Penn State coach James Franklin fired up about stuff that matters
James Franklin was fired up after Penn State's 27-24 last-second loss to Michigan State on Saturday, railing about “the stuff that doesn't matter,” stuff that includes the College Football Playoff rankings.
What does matter to Franklin is each game and going 1-0 that week.
“Goal-setting, I don't believe in it,” he said. “We're not goal-setting. We're focusing on the task at hand, getting better today, waking up in the morning doing back handsprings out of bed, attack the day with everything we've got and at the end of the day go to sleep and do it again the next day. Put a bunch of days (together) like that, the results will take care of themselves.”
As for the noise the distractions like being considered a contender for the College Football Playoff before playing the Spartans represent, he said, “We haven't handled it well. That's on me, and that won't happen again.”
For a player's opinion, senior tight end Mike Gesicki said: “You make one play (in the losses to Ohio State and Michigan State), and we're sitting here at 9-0 and nobody's talking about the noise. I do think it can be a distraction. I don't necessarily think it was a huge distraction for us.”
Here are other issues Penn State must handle:
Barkley's grasp on Heisman is slipping
ESPN Stats and Info said at halftime that Barkley managed positive rushing yards in just three of his last seven halves.
He made it four out of eight Saturday with a 63-yard second half, but the familiar woes of the running game have continued. When Franklin was asked after the game why Barkley was struggling, he replied, “Saquon didn't struggle today, our offense struggled at times today. … It's not a Saquon issue, it's a team issue.”
Barkley had some plays of note — a 36-yard run, a 20-yard reception and even a 20-yard pass completion, making him 2 of 2 for the season.
But his advantage in the Heisman race might be diminishing, especially after Saturday's performance by Oklahoma quarterback Baker Mayfield, who passed for 598 yards and five touchdowns in a win over Oklahoma State.
Barkley fans are hoping for some big time bounceback next week at home against Rutgers.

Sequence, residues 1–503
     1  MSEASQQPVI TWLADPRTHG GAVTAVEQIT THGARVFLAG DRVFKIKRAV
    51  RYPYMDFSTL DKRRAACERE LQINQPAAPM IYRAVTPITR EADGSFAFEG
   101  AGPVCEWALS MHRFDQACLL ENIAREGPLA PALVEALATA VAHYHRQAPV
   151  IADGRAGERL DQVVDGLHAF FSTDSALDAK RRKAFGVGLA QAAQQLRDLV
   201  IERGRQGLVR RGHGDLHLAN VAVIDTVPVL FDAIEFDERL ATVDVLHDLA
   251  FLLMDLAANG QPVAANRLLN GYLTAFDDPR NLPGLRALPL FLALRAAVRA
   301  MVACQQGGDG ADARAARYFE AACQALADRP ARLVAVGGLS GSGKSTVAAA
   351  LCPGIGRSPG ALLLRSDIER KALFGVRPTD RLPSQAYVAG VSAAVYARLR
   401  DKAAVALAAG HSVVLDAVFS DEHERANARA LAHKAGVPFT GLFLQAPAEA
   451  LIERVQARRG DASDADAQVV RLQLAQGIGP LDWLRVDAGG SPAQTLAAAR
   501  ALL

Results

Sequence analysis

Lately, it's the same old song and dance, with Barkley finding opposing tacklers there to greet him when he takes a handoff from Trace McSorley and tries unsuccessfully to find running room.
Franklin said the line isn't physical enough.
“We're going to get it corrected,” he said. “We're going to become more of a hard-nosed team up front on both sides of the ball, offense and defense, tight O-line, running backs, everybody. We've got to be more physical up front. We're not right now.”
Maybe Joe Moorhead, the offensive coordinator, will call more plays like he did in the second half, with Barkley having some momentum heading into the line on a handoff for a run between the tackles.
It was somewhat encouraging for Penn State, but the job of fixing the attack continues this week.
Surprising lack of discipline
The Nittany Lions, who were averaging a little more than four penalties per game, were flagged for seven Saturday — five of them contributing to scoring drives by the Spartans.
They were called for a late hit out of bounds on kickoff coverage following their first touchdown and had a debatable pass interference penalty called later on the same drive.
There was another pass interference penalty in the second quarter, an illegal block on kickoff coverage in the fourth and, the call that led to the winning field goal, a roughing-the-passer penalty against blitzing free safety Marcus Allen.
The simple answer is that it all comes back to focus, something Franklin suggested his team didn't fully have.
But whatever it is, Penn State has to address it.
The secondary looks bad
Penn State had not allowed an opposing quarterback to pass for 200 yards in any of its first seven games.
But in the last two weeks, the Nittany Lions allowed 328 yards to Ohio State's J.T. Barrett and 400 yards to Michigan State's Brian Lewerke.
Lewerke's magical day also included five passes for successful conversions on third downs of 10 yards or more.
It's true the Lions' pass rush has succeeded at a level well below what it achieved earlier in the season, getting only two sacks of Lewerke. But as Franklin touched on in his postgame remarks, “Do we have to cover better? No doubt about it.”
Besides the coverage not being there, the defensive backs also missed an alarming number of tackles.
“We missed tackles, and they got the first downs,” senior cornerback Grant Haley said. “That's unacceptable.”